There are just a few days left before I leave New Zealand for holidays in the US. Even though I have known about this trip for months, I find myself in these last few days faced with an impossibly long TO DO list that cannot be completed before departure. Some examples of the last minute items: conduct interviews, transcribe interviews, get business cards, finish chapter of social capital, clean flat, pack, etc… Now instead of crossing off items, I am trying to prioritise items which must be done before take-off. Not ideal, but I have a feeling that my sacred TO DO list will not seem quite so important once we land and I see the smiling faces of friends and family again for the first time in 3 years. Maybe that will be my New Year’s resolution, focus on what is important. Or I could just stick with my old standby, lose weight and go to the gym.
I am really enjoying my PhD at the moment – I mean really enjoying it. Like the laughing, smiling and occasionally snorting kind of enjoyment. I am trying to figure out why what last month was “the biggest mistake of my life” is suddenly one of my greatest sources of joy. Surely the ethics approval helped. Also, starting interviews has been fun. But even things that should be tedious like scheduling appointments, sending emails, filing documents and transcribing interviews is fun. It can’t be that I love to transcribe. It isn’t quick (takes heaps of time) or mindless (although, I can’t let myself think too much or I forget to type). It is just that I can find the joy within the activity.
In fact, it seems that I have decided that this is enjoyable and just like that it became enjoyable. Well if it is that easy to make my own reality, perhaps I should start making my own reality more often.
“Everything’s going so well!” (Harold Zidler, Moulin Rouge!) and then it went pear-shaped.
Unlike Zidler, I know that this feeling is probably short-lived and recognise that eventually things will probably turn to custard. I can live with that.
Having spent nearly the last 1 1/2 years, sitting in my office reading with little or no contact with people outside the university, I have finally started interviewing. Well it turns out that talking to people absolutely rocks and I may actually be enjoying my research now that I am interviewing. Who could have predicted that the thing that would save my research study was researching? (paraphrase – Michael Scott, The Office).
What a crazy world 😉
In the spirit of the Thanksgiving holiday in the US, I thought I’d remind myself that I have much to be thankful for from a postgraduate perspective.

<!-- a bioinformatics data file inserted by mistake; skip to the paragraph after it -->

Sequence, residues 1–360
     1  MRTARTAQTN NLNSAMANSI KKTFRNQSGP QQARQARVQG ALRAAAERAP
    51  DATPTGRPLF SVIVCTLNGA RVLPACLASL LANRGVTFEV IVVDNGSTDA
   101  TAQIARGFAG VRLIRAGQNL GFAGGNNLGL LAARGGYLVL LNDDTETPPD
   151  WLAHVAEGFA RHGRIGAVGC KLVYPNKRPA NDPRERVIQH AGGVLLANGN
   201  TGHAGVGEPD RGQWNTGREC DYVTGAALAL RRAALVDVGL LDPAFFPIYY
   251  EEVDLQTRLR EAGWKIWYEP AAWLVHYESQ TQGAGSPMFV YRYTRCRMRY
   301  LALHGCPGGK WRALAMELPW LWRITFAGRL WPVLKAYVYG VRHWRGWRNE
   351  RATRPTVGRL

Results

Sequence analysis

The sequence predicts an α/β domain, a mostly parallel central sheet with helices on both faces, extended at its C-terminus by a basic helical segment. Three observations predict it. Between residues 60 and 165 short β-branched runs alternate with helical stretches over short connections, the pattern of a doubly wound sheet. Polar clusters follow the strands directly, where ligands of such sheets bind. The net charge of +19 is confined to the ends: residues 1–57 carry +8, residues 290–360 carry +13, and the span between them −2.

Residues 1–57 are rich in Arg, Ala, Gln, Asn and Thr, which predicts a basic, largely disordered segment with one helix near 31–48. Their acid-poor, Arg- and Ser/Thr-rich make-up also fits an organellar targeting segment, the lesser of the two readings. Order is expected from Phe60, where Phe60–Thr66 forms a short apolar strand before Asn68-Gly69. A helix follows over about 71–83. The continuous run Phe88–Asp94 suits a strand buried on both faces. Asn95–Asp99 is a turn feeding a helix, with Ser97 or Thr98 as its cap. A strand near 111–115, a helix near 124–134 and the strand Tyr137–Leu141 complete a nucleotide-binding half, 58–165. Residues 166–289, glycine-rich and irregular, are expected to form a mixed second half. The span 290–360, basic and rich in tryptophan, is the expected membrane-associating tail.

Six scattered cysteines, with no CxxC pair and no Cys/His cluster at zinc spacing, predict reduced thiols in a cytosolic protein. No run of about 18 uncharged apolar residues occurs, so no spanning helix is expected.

- Doing what I love
- Living where I love
- Spending time with amazing people
- Having the flexibility to work when inspired and find inspiration when I am lacking
- Exercising my brain and occasionally my body
- Seeing the ocean as much as I want
- Seeing my family as much as I want
- Learning and teaching
- Knowing that someday I will be done with my PhD and will get paid to have this life
So, I guess this is day 2 and I am preparing for interviews next week. Besides scheduling appointments in my diary, I decided I should also dust off the interview questions and check them against my theoretical framework and research questions. I mean even though I am looking forward to getting out there for a chat with participants, I really don’t want to discover 6 months from now that I didn’t ask the right questions. Well, it isn’t quite as easy as I thought to ensure that I am asking the right questions and now I wish that I had started this a month ago and not a few days before interviews begin. Unfortunately, here I am and I’ll just need to make do. Maybe these first interviews will be my pilot? I guess this is a bit research ala Macgyver. Now what did I do with the duct tape and chewing gum?
Well, I guess that could be said about every day. However, I tend to think about it more after I have just sorted a milestone and now the excuses (from the last days of the first part of my life?!) no longer work. This feels like one of those times. I have spent the last month or two in a research funk – sick to death of literature review, but unable to start my empirical work until I received ethics approval from the university. For a good part of that time I completely disengaged from university life and started questioning (again) why I was doing this. Despite the downside to this phase of depression and self-doubt, the benefit was that I had an excuse for my lack of progress.
Usually I would be mourning the loss of a good excuse, but I am actually feeling quite optimistic about this new phase of my research. I think that is because part of my empirical research is conducting interviews which means that I actually get to talk to people. It is amazing how out of touch you can feel after spending months and months in an office reading. The thought of reconnecting with the people I am studying is actually making me feel a bit giddy.
This rest of my life thing promises to be much better than I feared. I no longer have images of Office Space, “So that means that every single day that you see me, that’s on the worst day of my life.” And now see that I this next phase of research might be filled with human contact, progress, and the joy(!) of learning. Wow!